It's a wonder that we haven't broken down his pre-practice stretching routine yet.

      (Full disclosure: I fell into that trap during the Great War of 2012: Tebow vs. Sanchez before fully grasping the absurdity of tracking such nonsense.)

      Two Hackenberg passes prompted plenty of chatter last week. Here’s the truth about the pair of “errant” throws that became water cooler talk:

      1) A wide receiver slipped on his break on a corner route in passing drills as Hackenberg’s throw flew out of bounds and in the direction of media members lined up a few feet off the sideline. Conclusion: Not a big deal.

      2) Hackenberg's pass in individual drills sailed over the shortest receiver on the roster at the time — 5-9 undrafted rookie Brisly Estime. Conclusion: Whoopty-freakin-do.

      It’s no secret that Hackenberg, who had a 56.1 completion rate in three seasons in college, needs to improve his accuracy at the next level, but it’s misleading to intimate that he’s some sort of out-of-control gunslinger hitting innocent bystanders off in the distance.

      It’s true that there were folks on One Jets Drive less than impressed by Hackenberg last season. One eyewitness at nearly every practice told me in January that the then-rookie would never make it. Woody Johnson even cracked a joke about the young quarterback’s accuracy issues right after the season in the wake of an ESPN report. Those sweeping assessments are as unfair today as they were at the time they were made.

      Perhaps time will prove those critics right, but the notion of dissecting a player's performance in three offseason practices (in shorts, mind you) is as useless as it is just plain wrong. Remember, Hackenberg has only 47 preseason pass attempts on his professional resume.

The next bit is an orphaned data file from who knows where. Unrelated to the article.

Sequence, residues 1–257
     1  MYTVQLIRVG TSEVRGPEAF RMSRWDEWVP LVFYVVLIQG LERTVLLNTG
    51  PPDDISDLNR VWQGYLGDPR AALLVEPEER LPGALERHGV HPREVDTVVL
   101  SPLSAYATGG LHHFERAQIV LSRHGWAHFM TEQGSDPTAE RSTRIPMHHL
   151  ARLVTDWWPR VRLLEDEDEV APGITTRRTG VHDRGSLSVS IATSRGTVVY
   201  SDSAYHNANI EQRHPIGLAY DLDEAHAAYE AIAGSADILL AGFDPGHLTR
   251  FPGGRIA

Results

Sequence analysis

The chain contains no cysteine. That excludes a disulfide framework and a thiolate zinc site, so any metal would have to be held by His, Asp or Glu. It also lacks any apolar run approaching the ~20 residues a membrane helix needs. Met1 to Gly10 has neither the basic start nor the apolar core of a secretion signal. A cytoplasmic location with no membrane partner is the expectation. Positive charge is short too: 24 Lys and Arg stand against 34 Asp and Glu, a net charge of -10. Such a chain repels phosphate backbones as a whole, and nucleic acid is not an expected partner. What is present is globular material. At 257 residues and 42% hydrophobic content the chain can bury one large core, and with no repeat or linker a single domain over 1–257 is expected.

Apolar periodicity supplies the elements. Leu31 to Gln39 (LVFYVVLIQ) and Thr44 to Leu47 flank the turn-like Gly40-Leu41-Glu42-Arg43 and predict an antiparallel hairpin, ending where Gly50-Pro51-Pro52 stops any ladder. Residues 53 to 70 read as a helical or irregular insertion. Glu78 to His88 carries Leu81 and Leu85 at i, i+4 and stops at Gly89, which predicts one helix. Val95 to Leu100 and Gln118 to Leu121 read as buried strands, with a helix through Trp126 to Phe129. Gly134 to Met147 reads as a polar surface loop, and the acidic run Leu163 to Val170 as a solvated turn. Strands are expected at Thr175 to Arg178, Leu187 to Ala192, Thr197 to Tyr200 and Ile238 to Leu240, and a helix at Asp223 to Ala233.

. (Howard Simmons/New York Daily News) .
      The organization has indeed seen tangible growth from Hackenberg this spring. The brain trust believes he’s playing faster with much better mechanics than a year ago. He has his fair share of corrections to make, but again: This is PRACTICE.

      “I feel like his confidence is growing every day and he improves every day,” veteran quarterback Josh McCown said Tuesday before the start of the team’s three-day minicamp. “You can see that. His grasp of the system has been really good. The coaches are doing a heck of a job of teaching it. He’s just taking to coaching. You see it rep by rep … his improvement. I think that’s cool.”

      Coaches have tested Hackenberg in this environment to get clarity on what he can and cannot do at the moment. Mistakes in practices are inevitable. It’s part of the learning process.

      The team is encouraged by Hackenberg’s progress, but fully aware that he has plenty left to learn in new offensive coordinator John Morton’s West Coast-inspired offense.

      “It’s going to take time. … I feel like he’s improving tremendously,” McCown said. “Obviously he’s a big strong guy that can make all the throws. So that parts attractive. Now it’s about getting him to a level in this offense where he feels really comfortable.”

      It's a big-boy league that requires big-boy pants, but the seemingly gratuitous nitpicking of a player learning a new system in his second season is silly. Hackenberg will get his opportunity to show everyone how much he has learned beginning this preseason. He’ll get his chance at some point in the regular season, too.

      If he stinks up the joint, he’ll be fair game for criticism. If it becomes clear that he’s not the franchise quarterback, the Jets will take a swing at the coveted position at the top of the 2018 draft.

      Hackenberg has the right mindset amid the scrutiny. Time will tell whether or not he’s got the goods.

      That time is not today.
      Last edited by H2O4me; 06-14-2017, 09:28 AM.
      If you're not following the Astros, you are doing Houston sports wrong.